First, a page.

Weekly Flag Challenge: Discussion & Entries

Main flag of the Anglo-Indian Molly Society
mollyism.png


The AIMS is the primary protest group of British India [1] for allogender [2] rights.
The flag is based on the traditional British protest tricolour with the green turned pink for mollys [2].
In the centre are 2 overlapping orange stars, orange for India, stars for liberty, and was sort of a pun on the Greek Hydra and the Hindustani word for molly Hijra.

[1] The Indian Continent remained divided between the European Powers
[2] A sort of mixed category that covers both homosexuality and transgender, it arose from third gender (hijra) groupings in India that garnered mainstream support in the UK after being taken up by the Molly house community (a precursor to OTL homosexual movement).
 
The Dovestream Banner

Orange Flag.png

While many symbols and flags are designed carefully from inception to completion, few are borne out of sheer necessity.

In this case, the Dovestream banner is an evolution of the Dove pendant symbol, used by the All-Love movement to secretly signal other members of their movement or people of the same persuasion. While the exact origin is indeterminate, the dove pendant symbol is theorized to have started out as a stylized "A" inscribed in a circle representing the All-Love movement. A stylized dove seems to have taken shape in the symbol as an unintended consequence and has been adopted as a mascot of the movement. The streaming lines represent the main goals of the All-Love movement, to navigate between the forces of reactionary politics and conservative religion (the curved top-right and bottom-right curved lines) and work together for a more accepting future for All.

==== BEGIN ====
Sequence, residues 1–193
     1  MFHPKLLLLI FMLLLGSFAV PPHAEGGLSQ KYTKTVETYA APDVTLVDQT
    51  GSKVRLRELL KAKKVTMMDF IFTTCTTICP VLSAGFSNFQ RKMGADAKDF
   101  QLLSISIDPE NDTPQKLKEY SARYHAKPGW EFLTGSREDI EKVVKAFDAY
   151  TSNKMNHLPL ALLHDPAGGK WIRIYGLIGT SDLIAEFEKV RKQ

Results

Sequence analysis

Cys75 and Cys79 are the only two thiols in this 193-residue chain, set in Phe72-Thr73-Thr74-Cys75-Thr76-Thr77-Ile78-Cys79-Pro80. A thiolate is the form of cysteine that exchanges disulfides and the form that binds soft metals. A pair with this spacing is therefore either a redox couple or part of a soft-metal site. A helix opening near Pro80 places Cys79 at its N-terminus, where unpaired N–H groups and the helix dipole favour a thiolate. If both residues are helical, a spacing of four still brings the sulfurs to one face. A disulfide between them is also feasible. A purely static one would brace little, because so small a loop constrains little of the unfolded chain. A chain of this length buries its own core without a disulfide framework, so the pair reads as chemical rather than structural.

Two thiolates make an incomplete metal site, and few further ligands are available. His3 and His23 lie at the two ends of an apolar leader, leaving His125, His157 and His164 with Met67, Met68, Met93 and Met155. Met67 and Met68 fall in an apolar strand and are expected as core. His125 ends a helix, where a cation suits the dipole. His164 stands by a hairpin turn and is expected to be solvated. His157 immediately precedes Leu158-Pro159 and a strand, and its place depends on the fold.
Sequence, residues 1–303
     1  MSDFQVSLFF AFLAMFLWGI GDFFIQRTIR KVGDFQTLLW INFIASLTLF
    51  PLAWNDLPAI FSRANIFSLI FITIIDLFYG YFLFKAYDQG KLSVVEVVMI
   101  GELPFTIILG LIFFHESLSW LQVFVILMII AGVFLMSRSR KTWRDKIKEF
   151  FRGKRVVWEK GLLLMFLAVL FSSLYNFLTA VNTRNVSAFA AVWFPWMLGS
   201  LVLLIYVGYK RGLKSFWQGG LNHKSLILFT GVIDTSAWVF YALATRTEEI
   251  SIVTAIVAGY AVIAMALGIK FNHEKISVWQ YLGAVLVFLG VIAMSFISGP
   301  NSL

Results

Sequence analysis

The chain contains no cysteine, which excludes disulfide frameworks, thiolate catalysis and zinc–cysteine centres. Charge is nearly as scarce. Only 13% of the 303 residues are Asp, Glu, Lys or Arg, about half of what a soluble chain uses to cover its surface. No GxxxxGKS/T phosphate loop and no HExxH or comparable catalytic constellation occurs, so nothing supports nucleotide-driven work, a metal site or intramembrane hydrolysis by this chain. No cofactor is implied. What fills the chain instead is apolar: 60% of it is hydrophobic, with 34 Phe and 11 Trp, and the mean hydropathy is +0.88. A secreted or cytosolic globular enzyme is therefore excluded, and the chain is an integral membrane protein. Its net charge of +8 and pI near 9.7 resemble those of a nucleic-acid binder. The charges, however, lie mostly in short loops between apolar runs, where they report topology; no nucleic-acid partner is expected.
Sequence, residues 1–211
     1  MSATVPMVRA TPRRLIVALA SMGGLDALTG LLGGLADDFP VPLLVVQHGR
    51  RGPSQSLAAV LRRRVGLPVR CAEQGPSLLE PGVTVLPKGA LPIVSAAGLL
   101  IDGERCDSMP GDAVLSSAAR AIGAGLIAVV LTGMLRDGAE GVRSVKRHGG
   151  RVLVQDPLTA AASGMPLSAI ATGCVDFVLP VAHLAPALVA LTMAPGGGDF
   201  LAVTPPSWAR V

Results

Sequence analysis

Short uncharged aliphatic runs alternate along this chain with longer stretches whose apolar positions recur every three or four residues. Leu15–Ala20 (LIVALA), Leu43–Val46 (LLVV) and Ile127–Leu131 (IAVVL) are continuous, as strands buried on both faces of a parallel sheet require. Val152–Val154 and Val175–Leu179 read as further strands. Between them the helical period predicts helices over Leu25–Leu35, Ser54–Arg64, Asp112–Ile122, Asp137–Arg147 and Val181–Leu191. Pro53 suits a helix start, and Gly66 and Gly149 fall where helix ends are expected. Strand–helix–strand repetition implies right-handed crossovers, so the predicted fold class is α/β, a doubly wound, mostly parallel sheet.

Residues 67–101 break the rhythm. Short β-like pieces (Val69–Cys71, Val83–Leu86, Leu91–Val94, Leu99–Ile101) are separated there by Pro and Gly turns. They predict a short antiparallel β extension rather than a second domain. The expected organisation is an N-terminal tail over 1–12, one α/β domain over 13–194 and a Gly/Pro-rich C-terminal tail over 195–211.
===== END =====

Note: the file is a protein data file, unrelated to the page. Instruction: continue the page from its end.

The All-Love operates primarily in the North American State (NAS), where the fundamentalist Secured Party and Secured Church serve as the main governing body. All forms of non-binary persuasions are a capital offense and result in immediate execution after a show trial. As such, secrecy and accessibility is paramount: the Dovestream banner is easily drawn and quickly recognizable, needing only 8 strokes to fully draw. (Outer circle, inner circle, 2 diagonal lines through the circle. 4 streaming lines). Officially, the banner represents a small chain of motels in the NAS called the Stonewall Inn (insignificant enough to be above suspicion), with the true meaning being kept a carefully guarded secret.
 
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Flag Challenge 211: Multipurpose


Create a flag that when transformed in some way (folded in half, rotated, flipped vertically, or some other folded pattern) represents something drastically different from the original meaning. The colors should stay the same!

@Green Painting Not sure about the poll timing
 
[A quick mockup that I'm not entirely happy with and might not fit the challenge]

Flag of the ViceRoy of New England
The flag consists of 2 halves: the sinister is that of New England, a St George Cross bearing the New English emblem of a green maple leaf; the dexter is that of the Royal Councils-in-Union, a dark blue field with the Crown-Cross-&-Sun symbol of founder Union-King Rupert I Cumberland.

vr-new-england.png
 
@Bicentius
Can we post more than one picture, to show the flag folded and unfolded? (And maybe how it folds, if that's complicated?)
Essentially, I guess I'm asking if this can be a 'multi-flag' challenge, according to Rule 3?
Otherwise my idea could be a bit tricky to visualise, from just the unfolded flag. Though, thinking about it as I type, I might be able to shade it differently, if you'd prefer to keep the challenge as single-flag.
(That's assuming I can get it to work at all - it's a bit of a vague concept at the moment! :rolleyes:)
 
@Bicentius